CINCINNATI — Blame it on the Dodgers?
Blame it on Jose Quintana? Blame it on the rain?
Blame whatever you want, and take it for what it’s worth in June.
But after winning a tight, intense series against the playoff-rival Dodgers, the Cubs have made the last-place Reds look formidable the first two games of a four-game series.
This time it was a 6-3 loss Friday night after a rough fifth inning for starter Quintana that included a go-ahead home run by Eugenio Suarez. That came one night after the Cubs lost 6-2 on the strength of a six-run sixth inning by the Reds.
The Cubs allowed five runs in their previous series against the defending National League-champion Dodgers.
“We played great [then],” manager Joe Maddon said. “We haven’t played great here. We’ve played two of our least impressive games in about a month. It’s just not been us playing our typical game.”
After an 11-inning loss at Great American Ball Park on May 19, Maddon called that game “one of my least favorite games as Cubs manager … one of my worst sitting in that dugout.”
The Cubs fell to 3-4 against the Reds this year, all in Cincinnati.
“We haven’t played well here. We have not,” Maddon said. And normally this is a place we like to hit.”
Maddon and the Cubs say they don’t believe there’s been a letdown after the Dodger series. And this is still a team that has won seven of its previous eight series and has one of the top three records in the league.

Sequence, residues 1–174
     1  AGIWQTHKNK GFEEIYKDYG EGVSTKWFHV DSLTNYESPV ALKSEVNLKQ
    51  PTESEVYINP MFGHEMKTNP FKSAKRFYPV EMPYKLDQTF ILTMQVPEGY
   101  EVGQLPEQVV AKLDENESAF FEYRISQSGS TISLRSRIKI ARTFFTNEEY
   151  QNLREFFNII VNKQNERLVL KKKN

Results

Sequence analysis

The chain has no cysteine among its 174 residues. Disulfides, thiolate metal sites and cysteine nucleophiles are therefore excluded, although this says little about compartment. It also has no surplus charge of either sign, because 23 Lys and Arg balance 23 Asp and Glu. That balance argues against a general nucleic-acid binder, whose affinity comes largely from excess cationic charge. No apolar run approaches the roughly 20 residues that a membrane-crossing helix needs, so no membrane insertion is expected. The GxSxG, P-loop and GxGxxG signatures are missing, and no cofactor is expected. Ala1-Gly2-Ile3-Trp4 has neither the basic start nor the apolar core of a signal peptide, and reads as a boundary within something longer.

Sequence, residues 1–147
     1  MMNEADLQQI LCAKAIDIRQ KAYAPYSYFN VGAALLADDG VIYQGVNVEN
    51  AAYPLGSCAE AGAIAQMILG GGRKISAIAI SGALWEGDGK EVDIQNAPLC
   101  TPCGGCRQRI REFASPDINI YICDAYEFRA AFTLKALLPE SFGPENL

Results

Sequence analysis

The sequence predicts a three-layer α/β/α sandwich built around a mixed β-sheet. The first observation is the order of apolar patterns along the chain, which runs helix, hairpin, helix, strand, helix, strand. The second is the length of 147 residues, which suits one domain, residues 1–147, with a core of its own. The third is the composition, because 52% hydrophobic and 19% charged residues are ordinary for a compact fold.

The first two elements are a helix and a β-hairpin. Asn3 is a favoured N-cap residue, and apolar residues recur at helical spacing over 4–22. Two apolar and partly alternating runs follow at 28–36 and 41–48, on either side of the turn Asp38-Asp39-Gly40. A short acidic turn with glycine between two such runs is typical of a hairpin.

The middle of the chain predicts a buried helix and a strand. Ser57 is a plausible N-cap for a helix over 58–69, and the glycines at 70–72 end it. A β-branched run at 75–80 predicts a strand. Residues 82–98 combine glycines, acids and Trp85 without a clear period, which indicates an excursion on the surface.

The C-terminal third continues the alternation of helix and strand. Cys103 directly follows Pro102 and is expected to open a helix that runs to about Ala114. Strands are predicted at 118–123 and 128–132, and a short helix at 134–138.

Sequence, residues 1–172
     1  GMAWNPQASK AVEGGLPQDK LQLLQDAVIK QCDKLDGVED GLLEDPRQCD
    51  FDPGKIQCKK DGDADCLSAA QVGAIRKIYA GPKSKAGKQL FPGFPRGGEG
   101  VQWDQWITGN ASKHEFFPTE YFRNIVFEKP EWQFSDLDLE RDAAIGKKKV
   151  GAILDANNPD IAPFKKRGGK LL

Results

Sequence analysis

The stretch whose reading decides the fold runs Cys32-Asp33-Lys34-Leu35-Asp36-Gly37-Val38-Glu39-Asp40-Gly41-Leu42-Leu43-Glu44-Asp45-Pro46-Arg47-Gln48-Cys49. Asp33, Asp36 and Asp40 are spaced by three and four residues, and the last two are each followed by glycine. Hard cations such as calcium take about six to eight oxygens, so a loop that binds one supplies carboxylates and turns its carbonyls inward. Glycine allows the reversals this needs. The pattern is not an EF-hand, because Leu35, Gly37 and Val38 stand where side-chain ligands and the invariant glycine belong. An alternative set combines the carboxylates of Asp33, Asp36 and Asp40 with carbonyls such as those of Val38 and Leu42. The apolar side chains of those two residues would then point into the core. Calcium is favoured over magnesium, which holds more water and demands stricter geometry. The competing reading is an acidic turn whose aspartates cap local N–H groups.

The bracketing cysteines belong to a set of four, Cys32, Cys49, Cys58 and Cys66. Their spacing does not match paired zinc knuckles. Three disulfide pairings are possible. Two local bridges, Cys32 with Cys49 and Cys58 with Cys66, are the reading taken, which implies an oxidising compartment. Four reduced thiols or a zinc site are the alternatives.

But the Cubs will have to rally to win the next two games with their rotation in flux to avoid losing what suddenly looks like one of those so-called trap series. Rookie Luke Farrell starts Saturday and Tyler Chatwood is scheduled to pitch Sunday — unless he has to rush home to be with his wife for the birth of their first child.
“We’re just all out there trying to play our game,” said Kyle Schwarber, whose two-run homer in the fourth gave the Cubs a 3-1 lead.
“There might be something to that, where we just went out and played an emotional series,” he said. “But I think we’re just trying to do our thing. Unfortunately, it hasn’t worked out the last two games. But we’ve got two more still in the series so we’re looking forward to tomorrow.”
Quintana (6-6) had allowed two runs or less in four consecutive starts — and eight of 10 — before struggling through his worst start since May 26.
“I felt good today, with the exception of that one [changeup to Suarez],” he said through a translator. “I feel like I’ve had some good outings recently, and it’s just a matter of moving forward and looking ahead to the next start.”
Maddon seems less concerned with his starting pitching than he does with the overall hitting.
Despite Jason Heyward’s resurgence and good stretches from a few others, the two guys the lineup is built around have not been the monsters of the middle like in past seasons.
Anthony Rizzo is just 4-for-25 without an extra-base hit his last seven games. He went 0-4 and made two errors Friday.
And Kris Bryant’s power has slipped over the past seven weeks. He also has eight multiple-strikeout games in his last 17 games after having seven in his first 54.
“It’s pretty large,” Maddon said of the impact. “Those are two guys that we rely on a lot. Rizz has had a great last month or so [after a poor start]. KB really hasn’t unleashed himself to this point. But they will. That’s a big part of where the runs are coming from for us.”